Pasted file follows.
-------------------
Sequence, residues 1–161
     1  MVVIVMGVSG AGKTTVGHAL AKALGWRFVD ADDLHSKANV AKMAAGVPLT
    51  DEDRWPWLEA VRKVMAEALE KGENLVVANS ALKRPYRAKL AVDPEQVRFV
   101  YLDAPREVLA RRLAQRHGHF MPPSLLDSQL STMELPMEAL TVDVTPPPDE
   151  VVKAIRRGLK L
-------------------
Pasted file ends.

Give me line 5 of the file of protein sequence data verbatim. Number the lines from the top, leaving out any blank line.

   151  VVKAIRRGLK L